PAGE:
Collective behind Milwaukee Theater District aims to help entertainment industry recover from pandemic
New York has Broadway, England has the London West End and now Wisconsin’s biggest city has its own theater district. After years of speculation about the future of a Milwaukee Theater District, it’s finally coming to fruition. The collective is part of a statewide effort to celebrate the arts and draw more visitors.
Nine performing arts and live entertainment groups have joined the collective, including the Marcus Performing Arts Center.
“All great cities, you know, you need a few hooks to hang the story,” said Andrew Flack, chief commercial officer for Marcus Hotels & Resorts, adding that the arts have been a defining feature of Milwaukee for over 100 years.
“A visit to a great show or concert is about so much more than just the performance — key as that is — it’s about coming up to town, maybe staying overnight, and creating a whole visitor experience that becomes really memorable,” he said. “And that’s what the great theater districts in cities do.”
The collective’s founding also comes as the entertainment industry recovers from the financial devastation wrought by the pandemic. In 2020, 151 events were canceled, but the city hosted 171 events in 2021, according to VISIT Milwaukee.
Direct visitor spending in the greater area of Milwaukee slowed from $3.33 billion in 2019 to $2.67 billion in 2021, according to the most recent report by VISIT Milwaukee.
Restaurants and performing arts venues “were among the hardest hit during the pandemic,” the report said, but leaders say they are bouncing back.
Josh Albrecht, vice president of marketing and communications for VISIT Milwaukee, called the theater district “a catalyst in recovery.”
The new theater district is not defined by geographical boundaries, with venues scattered throughout the city’s downtown area.
“We can see the theater district sort of growing as the city grows, and we didn’t want to limit it to that space,” Albrecht said. And with no board of governance, he described it as a “branding and placemaking initiative.”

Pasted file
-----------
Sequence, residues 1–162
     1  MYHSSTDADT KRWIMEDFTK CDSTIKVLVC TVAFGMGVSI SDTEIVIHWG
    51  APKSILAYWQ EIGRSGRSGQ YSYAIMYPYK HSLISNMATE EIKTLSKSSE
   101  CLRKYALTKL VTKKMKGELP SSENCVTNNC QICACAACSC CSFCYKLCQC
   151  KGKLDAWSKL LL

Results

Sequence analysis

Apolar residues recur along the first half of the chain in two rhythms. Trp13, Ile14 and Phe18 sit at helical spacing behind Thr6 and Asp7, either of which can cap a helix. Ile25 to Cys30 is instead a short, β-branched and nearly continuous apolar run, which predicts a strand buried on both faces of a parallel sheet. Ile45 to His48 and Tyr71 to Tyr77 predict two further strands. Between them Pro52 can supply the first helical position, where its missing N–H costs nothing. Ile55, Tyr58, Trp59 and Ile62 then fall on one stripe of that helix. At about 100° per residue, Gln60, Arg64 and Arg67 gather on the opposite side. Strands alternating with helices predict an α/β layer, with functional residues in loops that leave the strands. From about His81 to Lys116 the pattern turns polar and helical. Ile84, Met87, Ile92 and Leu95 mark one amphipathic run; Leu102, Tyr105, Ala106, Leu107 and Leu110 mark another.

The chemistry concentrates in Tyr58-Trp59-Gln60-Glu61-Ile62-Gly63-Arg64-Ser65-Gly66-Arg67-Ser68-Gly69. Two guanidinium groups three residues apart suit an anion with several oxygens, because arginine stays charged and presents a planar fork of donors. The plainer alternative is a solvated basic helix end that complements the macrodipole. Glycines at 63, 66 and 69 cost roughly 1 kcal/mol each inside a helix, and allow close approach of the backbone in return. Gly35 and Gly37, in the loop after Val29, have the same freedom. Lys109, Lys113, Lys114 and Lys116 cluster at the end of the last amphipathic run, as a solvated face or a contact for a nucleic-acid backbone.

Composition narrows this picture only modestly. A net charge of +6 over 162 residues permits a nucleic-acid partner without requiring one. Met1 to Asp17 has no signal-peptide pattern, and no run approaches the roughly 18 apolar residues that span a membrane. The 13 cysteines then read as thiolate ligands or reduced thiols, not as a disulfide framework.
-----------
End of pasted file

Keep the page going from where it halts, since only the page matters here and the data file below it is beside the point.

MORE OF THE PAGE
Gary Witt is president and CEO of the Pabst Theater group. It operates the Riverside Theater, Turner Hall Ballroom, Miller High Life Theatre and most recently The Fitzgerald, a private events wedding venue in Milwaukee. The group has drawn artists like Radiohead’s Thom Yorke and Talking Heads’ David Byrne.
“I think the ability for our industry to be able to be heard, and to be seen and to play a greater role in the future development of the city of Milwaukee is important,” he said.
But he said the industry “isn’t often taken seriously.” Witt said about 30 percent of the Pabst Theater’s ticket-buyers come from Illinois.
“People do make decisions on where to live based upon what their lifestyle is like. And I think that nothing sells a city better than live performing performance venues that can extol the virtues of what it’s like to come downtown,” he said, adding it “encourages people to find all the other amenities that are amazing in the city.”
Sunstone Studios, a theater district venue, opened just last August. Executive Director Amber Regan said Milwaukee is home to “an unbelievable art scene.”
“For the state, it definitely is another way of framing Milwaukee in a positive light,” she said.
Witt compared performing arts contributions to those of the Milwaukee Bucks, Brewers and Packers.
“When a city or a state has a championship team, it gives them a sense of pride,” Witt said, and “a soul and identity. I think that’s the work that we do, but we do it on a nightly basis.”
Other venues include the Bradley Symphony Center, the Wisconsin Center District, Milwaukee Repertory Theater, the ACR Theatre at Saint Kate – The Arts Hotel. Performance groups include Black Arts MKE, First Stage, Florentine Opera, Milwaukee Ballet and the Milwaukee Symphony Orchestra.
The collective is sponsored by the Milwaukee Downtown BID21, United Performing Arts Fund and VISIT Milwaukee.
Roman Rvachov and VISIT Milwaukee
Originally published on Wisconsin Public Radio as Art groups take stage in Milwaukee with Wisconsin’s first ‘theater district’